Posted by: forfreedomalone | 06/09/2010

Freedom to Observe

Observation is an interesting skill. Just watching and not interfering in any way, not even with our thoughts, is an act of great discipline. I often practice it in the garden when I look at a flower. Instead of looking at it and thinking “that is a beautiful colour” or “that is red” or anything at all, I try to just look at it and keep all thoughts silent. You should try it sometime, then you will know just how difficult it is!

Observing requires the absence of thought. Thinking is one of man’s most dangerous actions because it is rarely accompanied by intuition. It is a tool which is not content until it is the master.
Observation requires one to suspend thought and to operate only on intuition.

Observing also requires the absence of investment of Self, which is the antithesis of how we are trained. We are trained, from childhood, to invest every action of every being, who is not ‘me’, with meaning. Mother did not come because she was busy. Father did not play football with ‘me’ because he was tired. Teacher did not let ‘me’ answer because she doesn’t like ‘me’. Peter is a bully because he is a nasty boy. We build on the meaning we have gleaned until we have a house on the sand. ‘Mother could not come because she was busy’ eventually becomes ‘Mother is too busy to be bothered with me’ which, in turn, becomes ‘Mother does not care about me.’ Where do we stop?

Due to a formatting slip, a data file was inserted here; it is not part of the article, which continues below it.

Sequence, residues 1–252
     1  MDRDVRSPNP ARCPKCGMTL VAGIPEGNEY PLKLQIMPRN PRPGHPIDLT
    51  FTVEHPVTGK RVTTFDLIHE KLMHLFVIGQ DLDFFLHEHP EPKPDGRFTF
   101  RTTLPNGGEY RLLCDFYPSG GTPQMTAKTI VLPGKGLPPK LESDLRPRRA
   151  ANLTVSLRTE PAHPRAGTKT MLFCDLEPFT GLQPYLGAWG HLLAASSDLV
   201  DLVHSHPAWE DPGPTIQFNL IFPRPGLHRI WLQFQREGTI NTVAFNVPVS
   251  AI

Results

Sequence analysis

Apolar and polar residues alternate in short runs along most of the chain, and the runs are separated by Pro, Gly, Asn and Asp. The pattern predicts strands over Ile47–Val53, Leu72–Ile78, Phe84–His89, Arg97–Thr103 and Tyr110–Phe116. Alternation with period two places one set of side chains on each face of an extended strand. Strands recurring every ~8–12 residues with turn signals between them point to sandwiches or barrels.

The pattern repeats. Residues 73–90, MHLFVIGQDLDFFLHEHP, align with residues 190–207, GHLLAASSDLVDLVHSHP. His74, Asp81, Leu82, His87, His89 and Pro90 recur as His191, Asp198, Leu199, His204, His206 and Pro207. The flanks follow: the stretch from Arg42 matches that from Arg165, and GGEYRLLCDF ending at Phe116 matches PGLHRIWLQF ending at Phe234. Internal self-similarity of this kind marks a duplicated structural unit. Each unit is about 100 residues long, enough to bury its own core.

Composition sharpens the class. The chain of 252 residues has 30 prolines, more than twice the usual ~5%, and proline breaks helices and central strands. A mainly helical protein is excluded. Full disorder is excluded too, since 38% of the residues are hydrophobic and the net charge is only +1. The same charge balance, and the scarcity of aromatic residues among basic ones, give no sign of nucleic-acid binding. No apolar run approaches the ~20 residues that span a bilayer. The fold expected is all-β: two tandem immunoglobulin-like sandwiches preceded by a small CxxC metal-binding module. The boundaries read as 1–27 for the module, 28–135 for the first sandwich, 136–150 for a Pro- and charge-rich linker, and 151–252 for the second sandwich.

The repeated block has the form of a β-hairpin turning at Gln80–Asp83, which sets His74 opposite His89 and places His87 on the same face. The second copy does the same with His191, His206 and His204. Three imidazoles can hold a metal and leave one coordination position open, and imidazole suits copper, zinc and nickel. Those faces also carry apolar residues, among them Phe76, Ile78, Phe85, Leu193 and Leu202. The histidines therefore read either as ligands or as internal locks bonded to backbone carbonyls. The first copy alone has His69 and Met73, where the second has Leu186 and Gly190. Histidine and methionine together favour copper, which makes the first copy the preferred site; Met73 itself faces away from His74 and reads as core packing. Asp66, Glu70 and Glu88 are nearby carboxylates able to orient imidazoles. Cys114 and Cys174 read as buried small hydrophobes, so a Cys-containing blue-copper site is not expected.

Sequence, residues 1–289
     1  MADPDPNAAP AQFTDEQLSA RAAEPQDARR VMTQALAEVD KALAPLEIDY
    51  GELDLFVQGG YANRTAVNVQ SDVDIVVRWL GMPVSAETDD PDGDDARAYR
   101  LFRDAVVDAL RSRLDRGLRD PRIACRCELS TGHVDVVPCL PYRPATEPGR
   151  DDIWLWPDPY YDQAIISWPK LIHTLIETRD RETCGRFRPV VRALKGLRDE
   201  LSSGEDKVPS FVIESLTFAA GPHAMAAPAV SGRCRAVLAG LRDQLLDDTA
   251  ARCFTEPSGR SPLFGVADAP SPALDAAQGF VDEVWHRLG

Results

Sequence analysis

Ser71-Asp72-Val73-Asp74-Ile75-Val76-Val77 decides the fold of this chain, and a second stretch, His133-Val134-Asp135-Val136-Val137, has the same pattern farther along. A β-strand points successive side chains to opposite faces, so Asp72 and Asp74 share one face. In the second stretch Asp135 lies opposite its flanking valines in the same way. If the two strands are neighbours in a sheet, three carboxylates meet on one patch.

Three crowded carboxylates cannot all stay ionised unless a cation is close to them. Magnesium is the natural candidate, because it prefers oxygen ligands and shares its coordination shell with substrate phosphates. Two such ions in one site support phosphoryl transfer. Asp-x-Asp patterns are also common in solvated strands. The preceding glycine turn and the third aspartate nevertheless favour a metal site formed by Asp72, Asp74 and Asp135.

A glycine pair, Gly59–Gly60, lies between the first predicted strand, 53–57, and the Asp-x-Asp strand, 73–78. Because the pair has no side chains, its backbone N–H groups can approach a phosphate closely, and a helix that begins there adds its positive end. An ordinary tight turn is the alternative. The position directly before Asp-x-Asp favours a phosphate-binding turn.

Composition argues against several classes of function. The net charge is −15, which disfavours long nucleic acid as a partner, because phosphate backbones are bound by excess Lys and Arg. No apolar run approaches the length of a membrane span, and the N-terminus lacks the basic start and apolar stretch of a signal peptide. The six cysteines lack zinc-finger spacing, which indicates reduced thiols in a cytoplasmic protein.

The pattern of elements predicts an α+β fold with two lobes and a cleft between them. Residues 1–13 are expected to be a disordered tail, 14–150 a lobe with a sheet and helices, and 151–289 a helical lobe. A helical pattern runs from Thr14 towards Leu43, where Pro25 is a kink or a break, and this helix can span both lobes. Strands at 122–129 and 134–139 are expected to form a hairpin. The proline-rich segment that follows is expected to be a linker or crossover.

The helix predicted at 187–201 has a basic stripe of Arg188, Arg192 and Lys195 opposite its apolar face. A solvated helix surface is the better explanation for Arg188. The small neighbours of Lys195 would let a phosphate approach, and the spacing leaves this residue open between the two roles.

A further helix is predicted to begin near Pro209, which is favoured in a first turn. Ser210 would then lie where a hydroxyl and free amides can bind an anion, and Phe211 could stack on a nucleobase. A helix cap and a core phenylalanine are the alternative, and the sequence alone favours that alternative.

We do not observe. We leap into the world external to us and invest ourselves in that world.
We draw conclusions which are fully supported by reason and logic. We look for ways in which the actions of others affect us, as though that were the purpose of the action in the first place. Having found the effect we respond and a whole world of trouble opens up.Instead of observing, we judge. We draw conclusions, we decide on meaning, on intent, on reason.

Having reached a conclusion we must act upon it. This results in our actions being in response to the judgement we made. We are not dealing with the other person, as a person who is separate from us, but as a person who is linked to us; linked via our judgements.

Bang goes our freedom.

Observing allows us to step away from judgement and experience the world without the need to react to it. Observing restores our freedom.

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